With the brambles trimmed back from the gate, Malcolm was about to cut the lock when he heard an angry cry. 

“Oy! What do you think you’re doing?” A glowering pensioner, with a nest of white hair around his egg of a head was shaking his fist. 

Mathew handed Spudda the bolt cutters and approached. “We’re just going in to do some tree work.”

“Oh no you’re not. This is private property. Now bugger off or I’ll call the police.” Claiming he owned the land leading to the gate, the man wasn’t swayed by Malcolm’s council ID, or the logo on his fleece. However, Malcolm stood his ground. He wasn’t about to be dissuaded from using the only viable access route.

The debate was shaping up to a stubborn face off when Spudda yelled: “Gate’s open.” 

While Malcolm and the man were arguing he’d cut the lock and was wrestling the old gate out from its nest of brambles.

The old man turned purple and stormed across, shouting: “Shut that bloody gate now!”

“Sorry, mate. No can do,” said Spudda, dragging the gate across the gravel.

The pensioner grabbed the gate and hauled on it like a maniac, but found it too heavy to shift.

“I’d stop before you do yourself an injury,” Spudda laughed unhelpfully.

Infuriated, the man shouted: “Right! That’s it. I’m calling the police and the council!” And with that stomped off to a house on the corner. 

“If you ask me, he’s tapped,” said Graham. 

Karl mused, “Who do you think will get here first? The council or the cops?”

“Cops I reckon,” said Graham.

“A fiver says it’s the council.”

“You’re on.” Graham and Karl shook hands to seal the bet.

Meanwhile, Spudda was going hell for leather with the hedgecutters on the remaining brambles.

For once, Malcolm was glad of Spudda’s gung-ho attitude. With luck, they could get a lot done before the shit hit the fan as he had a feeling things would get complicated very soon.

Backing the van into the gateway to block it just for good measure, Malcolm turned off his works phone before heading into the trees. Ignorance was bliss. If his boss wanted him, he could come and find him. 

They managed to drop three trees and fill the van with brambles before the police arrived. Spudda was stood on the back in the process of turning them to bramble mush with the hedgecutters as a patrol car drew into the access road. Malcolm met with the lead officer and explained the situation. Karl handed Graham a fiver.

“All we did was open that old gate and the fella went mental,” said Malcolm.

The police officer sighed. “Mr Turner used to phone us regularly to complain, but this is the first time we’ve heard off him in a good few years.” He went on to explain that Mr Turner only owned a narrow strip by his house, enough to park a car. The rest of the road was public access.

When Alan, Malcolm’s boss, turned up, it transpired Mr Turner, fed up of the tractor mower leaving grass all over the road, had made so many complaints that it had been decided to close off the gate.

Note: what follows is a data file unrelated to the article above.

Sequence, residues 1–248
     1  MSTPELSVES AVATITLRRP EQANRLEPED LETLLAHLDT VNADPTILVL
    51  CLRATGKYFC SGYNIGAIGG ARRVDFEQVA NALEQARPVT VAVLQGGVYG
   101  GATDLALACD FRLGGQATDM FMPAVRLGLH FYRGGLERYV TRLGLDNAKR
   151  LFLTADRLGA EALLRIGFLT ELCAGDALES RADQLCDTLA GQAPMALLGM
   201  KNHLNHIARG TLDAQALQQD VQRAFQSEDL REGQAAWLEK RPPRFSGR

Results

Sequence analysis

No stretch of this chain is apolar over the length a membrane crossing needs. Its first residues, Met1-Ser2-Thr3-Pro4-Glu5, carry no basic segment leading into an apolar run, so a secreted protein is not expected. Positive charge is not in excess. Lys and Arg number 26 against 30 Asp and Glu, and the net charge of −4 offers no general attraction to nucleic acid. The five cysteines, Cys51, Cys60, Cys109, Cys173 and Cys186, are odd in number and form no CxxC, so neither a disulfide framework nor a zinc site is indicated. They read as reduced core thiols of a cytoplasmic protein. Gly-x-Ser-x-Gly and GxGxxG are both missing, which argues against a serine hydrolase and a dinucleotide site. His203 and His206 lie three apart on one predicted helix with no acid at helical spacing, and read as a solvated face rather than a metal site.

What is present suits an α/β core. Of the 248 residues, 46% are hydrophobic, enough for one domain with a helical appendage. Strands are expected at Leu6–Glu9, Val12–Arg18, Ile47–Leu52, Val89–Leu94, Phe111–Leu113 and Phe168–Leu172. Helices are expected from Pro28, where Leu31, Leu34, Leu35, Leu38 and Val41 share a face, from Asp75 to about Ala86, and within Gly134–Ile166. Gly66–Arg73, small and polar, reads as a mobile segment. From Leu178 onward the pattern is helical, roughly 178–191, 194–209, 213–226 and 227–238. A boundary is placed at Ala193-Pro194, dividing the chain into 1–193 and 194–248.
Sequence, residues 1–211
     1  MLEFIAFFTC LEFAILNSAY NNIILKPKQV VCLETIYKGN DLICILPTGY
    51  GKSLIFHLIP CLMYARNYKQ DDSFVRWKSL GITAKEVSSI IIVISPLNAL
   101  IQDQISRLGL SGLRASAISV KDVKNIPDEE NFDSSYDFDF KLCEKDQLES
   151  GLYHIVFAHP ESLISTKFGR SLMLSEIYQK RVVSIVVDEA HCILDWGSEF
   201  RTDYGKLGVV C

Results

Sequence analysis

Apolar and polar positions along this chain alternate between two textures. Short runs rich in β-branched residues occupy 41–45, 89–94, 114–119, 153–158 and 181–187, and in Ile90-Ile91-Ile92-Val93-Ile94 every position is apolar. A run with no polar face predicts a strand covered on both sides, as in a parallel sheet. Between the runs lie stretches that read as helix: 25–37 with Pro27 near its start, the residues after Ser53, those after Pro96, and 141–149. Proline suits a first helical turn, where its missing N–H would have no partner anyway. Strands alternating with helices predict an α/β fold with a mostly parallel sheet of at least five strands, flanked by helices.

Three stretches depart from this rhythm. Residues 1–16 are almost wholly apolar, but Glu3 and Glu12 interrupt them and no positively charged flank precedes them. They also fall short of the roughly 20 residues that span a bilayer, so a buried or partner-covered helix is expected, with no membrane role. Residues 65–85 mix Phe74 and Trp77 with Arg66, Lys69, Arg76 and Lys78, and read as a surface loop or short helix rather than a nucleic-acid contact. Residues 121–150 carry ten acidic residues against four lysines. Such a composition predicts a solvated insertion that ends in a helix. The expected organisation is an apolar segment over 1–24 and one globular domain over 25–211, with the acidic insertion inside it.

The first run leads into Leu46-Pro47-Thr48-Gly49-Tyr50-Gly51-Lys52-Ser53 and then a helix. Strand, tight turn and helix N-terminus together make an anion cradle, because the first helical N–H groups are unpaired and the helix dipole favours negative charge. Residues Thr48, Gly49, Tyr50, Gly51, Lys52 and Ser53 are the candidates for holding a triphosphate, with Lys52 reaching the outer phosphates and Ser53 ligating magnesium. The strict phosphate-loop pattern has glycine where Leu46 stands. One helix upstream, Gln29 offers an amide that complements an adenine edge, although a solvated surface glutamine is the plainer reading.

Anything for a quiet office life, even if it makes our job impossible, thought Malcolm bitterly. Inevitably, Alan told him not to use the gate.

“Seriously? Have you seen the access down from the school? It’s like driving through a swamp.”

Malcolm’s blood was boiling.

“Just do your best,” was Alan’s unhelpful response.

Mr Turner re-appeared. “You’re not making a mess in front of my house. I’ll write to the police, my councillor and my MP. You’ll see.”

“Don’t worry, sir,” said Alan, with fawning deference. “We’ve taken on board your complaint. There will be no mess and the gate will remain locked.”

Malcolm stormed off in frustration. If that’s what Alan wanted then that’s what Alan would get.

Straight after lunch he drove through Check Point Charlie at the main school entrance and launched van and chipper down the slope leading to the football pitches. They made it down the first ramp successfully and slew across the top pitch leaving a muddy track in their wake. At the second ramp, however, everything went Pete Tong. The van plunged into the mud on the lower pitch and, despite every effort, remained stuck fast. 

Donc and his tractor were summoned to come and haul them off. Alan watched with a grim expression as the pitch was churned into a chaos of furrows as Donc manoeuvred to hitch up to the van. 

Alan was there to make sure things were done with least disturbance, but with the ramp being too steep, narrow and wet they were forced to exit via the gate. 

Naturally, Mr Turner was not happy to find the road outside his house looking like the aftermath of a mud wrestlers’ convention. The school was even less happy seeing the damage caused to the pitches. 

A few months later, a new high-security fence went up behind the houses, along with a new high-security gate. As a concession to residents, a new concrete area was added just inside the gate where tractor drivers could brush mud off their tyres before leaving. Even so, Mr Turner continued to be a problem until he went into a nursing home where, according to Malcolm’s sources, he continued to create merry hell.